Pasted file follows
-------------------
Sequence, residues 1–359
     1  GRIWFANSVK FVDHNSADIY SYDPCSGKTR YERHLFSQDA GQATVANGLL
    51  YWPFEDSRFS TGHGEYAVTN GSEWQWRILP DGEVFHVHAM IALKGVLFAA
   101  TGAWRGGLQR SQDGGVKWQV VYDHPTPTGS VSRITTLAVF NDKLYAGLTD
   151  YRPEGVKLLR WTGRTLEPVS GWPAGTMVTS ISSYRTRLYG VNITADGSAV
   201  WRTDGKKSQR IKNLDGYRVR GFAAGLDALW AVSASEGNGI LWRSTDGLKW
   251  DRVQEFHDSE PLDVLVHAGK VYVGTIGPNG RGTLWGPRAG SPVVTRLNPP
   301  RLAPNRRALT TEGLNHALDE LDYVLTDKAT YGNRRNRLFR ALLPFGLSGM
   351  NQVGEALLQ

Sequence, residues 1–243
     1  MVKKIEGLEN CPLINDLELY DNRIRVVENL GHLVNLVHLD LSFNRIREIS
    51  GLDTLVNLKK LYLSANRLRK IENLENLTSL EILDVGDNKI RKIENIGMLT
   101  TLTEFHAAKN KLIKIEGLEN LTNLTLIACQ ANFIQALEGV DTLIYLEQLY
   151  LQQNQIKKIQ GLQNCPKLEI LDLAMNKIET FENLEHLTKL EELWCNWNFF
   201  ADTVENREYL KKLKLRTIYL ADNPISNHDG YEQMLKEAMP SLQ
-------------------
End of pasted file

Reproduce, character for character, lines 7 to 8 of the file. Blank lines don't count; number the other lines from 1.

   251  DRVQEFHDSE PLDVLVHAGK VYVGTIGPNG RGTLWGPRAG SPVVTRLNPP
   301  RLAPNRRALT TEGLNHALDE LDYVLTDKAT YGNRRNRLFR ALLPFGLSGM